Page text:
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As the New Year begins, the construction industry is awash in high hopes and the promise of a more fruitful and profitable 2013. As we all know, our bottom lines are more important than ever and all employees, from management to field level, play key roles in the profitability of a company.
It has been well documented that construction delays (or lack thereof) can make the difference between a good or bad project and of course, a good year or bad one. Subcontractor delays, delays in shipping, availability of materials and/or equipment, job scope changes, weather and delays in inspections can all cause major delays and loss of $$ as it pertains to a project.
While these factors cause the majority of delays, other delays cannot be overlooked when it comes to the progress of your construction project.
I have come across hundreds of stories about construction delays caused by the inadvertent unearthing of ancient skeletons and historic artifacts. Some have caused delays up to three months in duration. My company ran into this type of delay about three years ago on a project in Pittsburgh involving the construction of a large downtown connector. Project management staff was not happy at all!
According to the Daily Freeman on Dec. 3, 2012, construction delays were caused by the hacking of the electronic construction traffic warning signs. Instead of the signs warning of road closures due to construction, they read “caution gorillas loose,” which needless to say caused traffic congestion and construction delays due to repeated hacking.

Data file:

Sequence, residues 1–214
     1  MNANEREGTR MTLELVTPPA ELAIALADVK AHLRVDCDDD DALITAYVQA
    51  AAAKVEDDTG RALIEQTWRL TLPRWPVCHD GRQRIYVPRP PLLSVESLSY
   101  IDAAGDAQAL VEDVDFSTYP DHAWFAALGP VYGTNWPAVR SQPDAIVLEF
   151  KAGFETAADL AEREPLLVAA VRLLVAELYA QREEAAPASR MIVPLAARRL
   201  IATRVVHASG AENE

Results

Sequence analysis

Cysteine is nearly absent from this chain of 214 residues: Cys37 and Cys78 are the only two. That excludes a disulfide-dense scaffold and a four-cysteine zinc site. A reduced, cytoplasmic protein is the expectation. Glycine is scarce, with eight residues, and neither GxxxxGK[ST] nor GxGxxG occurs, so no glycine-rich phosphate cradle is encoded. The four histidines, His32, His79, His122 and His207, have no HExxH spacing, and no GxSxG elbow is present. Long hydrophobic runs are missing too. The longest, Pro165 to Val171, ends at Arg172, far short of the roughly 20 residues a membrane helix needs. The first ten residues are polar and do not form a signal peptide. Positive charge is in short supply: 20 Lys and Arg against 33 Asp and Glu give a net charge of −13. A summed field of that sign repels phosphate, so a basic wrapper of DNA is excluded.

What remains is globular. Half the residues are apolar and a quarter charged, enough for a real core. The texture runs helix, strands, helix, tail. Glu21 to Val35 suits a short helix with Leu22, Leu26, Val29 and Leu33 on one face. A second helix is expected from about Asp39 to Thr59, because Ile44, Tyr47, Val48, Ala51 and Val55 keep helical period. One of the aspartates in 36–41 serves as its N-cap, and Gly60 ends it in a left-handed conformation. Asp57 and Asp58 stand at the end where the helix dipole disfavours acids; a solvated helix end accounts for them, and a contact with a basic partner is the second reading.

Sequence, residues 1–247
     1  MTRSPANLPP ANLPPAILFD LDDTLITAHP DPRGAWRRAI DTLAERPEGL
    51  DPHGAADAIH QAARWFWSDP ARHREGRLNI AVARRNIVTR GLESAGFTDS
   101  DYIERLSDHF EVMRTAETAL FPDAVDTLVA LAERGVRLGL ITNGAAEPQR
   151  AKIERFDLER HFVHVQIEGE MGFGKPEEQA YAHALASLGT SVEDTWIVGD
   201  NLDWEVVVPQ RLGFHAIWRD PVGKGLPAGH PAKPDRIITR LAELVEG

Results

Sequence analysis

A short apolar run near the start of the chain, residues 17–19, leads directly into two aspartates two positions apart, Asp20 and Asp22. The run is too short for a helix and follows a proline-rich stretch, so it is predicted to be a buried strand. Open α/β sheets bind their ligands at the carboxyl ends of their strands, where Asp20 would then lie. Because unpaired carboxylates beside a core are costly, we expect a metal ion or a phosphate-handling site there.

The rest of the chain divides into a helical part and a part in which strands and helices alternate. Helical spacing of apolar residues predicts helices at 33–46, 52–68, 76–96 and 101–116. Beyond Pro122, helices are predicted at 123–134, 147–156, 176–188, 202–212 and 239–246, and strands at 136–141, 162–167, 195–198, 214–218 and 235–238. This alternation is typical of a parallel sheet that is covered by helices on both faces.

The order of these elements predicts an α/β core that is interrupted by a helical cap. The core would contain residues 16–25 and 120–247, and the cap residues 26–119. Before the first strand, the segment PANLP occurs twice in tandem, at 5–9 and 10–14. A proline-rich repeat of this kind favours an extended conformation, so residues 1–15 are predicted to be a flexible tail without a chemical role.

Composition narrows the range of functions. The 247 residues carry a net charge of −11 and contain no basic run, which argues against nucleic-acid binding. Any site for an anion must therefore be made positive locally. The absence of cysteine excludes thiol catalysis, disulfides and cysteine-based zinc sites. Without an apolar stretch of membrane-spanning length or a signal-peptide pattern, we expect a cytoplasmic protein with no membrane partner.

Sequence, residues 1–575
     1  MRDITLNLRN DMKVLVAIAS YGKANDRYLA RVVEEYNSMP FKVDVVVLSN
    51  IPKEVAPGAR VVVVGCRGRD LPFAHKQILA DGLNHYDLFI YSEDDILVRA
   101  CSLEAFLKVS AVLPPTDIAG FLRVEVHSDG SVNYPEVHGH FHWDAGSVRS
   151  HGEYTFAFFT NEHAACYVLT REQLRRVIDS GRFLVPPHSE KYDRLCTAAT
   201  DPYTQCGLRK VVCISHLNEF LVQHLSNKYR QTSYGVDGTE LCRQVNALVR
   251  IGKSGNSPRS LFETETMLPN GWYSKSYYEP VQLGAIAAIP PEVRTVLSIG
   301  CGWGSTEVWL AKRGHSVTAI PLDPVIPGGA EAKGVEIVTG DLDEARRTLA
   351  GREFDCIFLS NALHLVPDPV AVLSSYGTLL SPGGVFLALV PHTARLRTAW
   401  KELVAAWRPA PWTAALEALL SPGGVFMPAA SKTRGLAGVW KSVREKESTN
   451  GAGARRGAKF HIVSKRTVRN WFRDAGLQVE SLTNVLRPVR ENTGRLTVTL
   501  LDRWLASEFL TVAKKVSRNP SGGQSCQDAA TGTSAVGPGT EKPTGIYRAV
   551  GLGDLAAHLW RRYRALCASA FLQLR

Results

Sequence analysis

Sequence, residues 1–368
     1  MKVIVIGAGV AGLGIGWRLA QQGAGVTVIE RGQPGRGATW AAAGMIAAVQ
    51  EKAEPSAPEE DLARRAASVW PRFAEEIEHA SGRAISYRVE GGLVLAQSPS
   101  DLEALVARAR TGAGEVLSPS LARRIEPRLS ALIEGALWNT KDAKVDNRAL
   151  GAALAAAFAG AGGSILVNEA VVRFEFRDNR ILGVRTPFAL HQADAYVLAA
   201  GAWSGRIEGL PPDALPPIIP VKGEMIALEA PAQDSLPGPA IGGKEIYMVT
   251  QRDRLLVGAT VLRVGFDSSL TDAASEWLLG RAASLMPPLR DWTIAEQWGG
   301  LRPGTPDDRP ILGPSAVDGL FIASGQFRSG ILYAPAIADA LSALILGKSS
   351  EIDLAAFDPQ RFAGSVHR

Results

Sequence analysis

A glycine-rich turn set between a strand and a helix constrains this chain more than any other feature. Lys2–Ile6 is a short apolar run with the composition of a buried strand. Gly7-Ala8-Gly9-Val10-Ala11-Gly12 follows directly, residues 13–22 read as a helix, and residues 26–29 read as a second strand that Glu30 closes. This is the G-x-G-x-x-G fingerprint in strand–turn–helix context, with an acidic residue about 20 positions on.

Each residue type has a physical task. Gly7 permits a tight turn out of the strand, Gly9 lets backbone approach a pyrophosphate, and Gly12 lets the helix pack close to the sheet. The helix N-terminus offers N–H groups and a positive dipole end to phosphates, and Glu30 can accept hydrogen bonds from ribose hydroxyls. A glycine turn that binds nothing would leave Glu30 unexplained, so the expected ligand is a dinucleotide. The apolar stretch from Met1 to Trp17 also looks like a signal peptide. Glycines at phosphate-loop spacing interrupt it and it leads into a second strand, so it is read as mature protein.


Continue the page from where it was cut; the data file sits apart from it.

According to ncbuy.com on April 9, 2001, construction of a tiny resort island in S.C. had to be delayed as a result of a voodoo curse laid down by descendants of former slaves. Additionally, further complicating the construction schedule, was the nesting of federally protected bald eagles who built nesting on the jobsite.
And delays are not unique to U.S. projects. According to the Daily Mail UK from Feb. 6, 2010, “essential construction work on planned reservoirs in Zimbabwe has stopped because mermaids have been scaring workers away.” Massive quantities of beer were brewed to carry out the rituals necessary to appease the spirits. Sounds like a jobsite many of us would have enjoyed!
Last, but certainly not least, according to the San Francisco Chronicle in May 2002, the endangered San Francisco garter snake struck again, stalling construction on the BART Airport extension for a second time. Construction had to be halted after workers found a dead snake and had it turned over to biological monitors for research. A similar incident in 2000 halted construction for 18 days and caused the district $1.1 million in construction cost delays.
Speaking of delays, writing this blog has turned my 30-minute lunch into a two-hour lunch, so I better quit before I write my next blog from the unemployment line. Happy New Year to all Site Prep readers, and feel free to share some of your wild and wacky excuses for construction delays.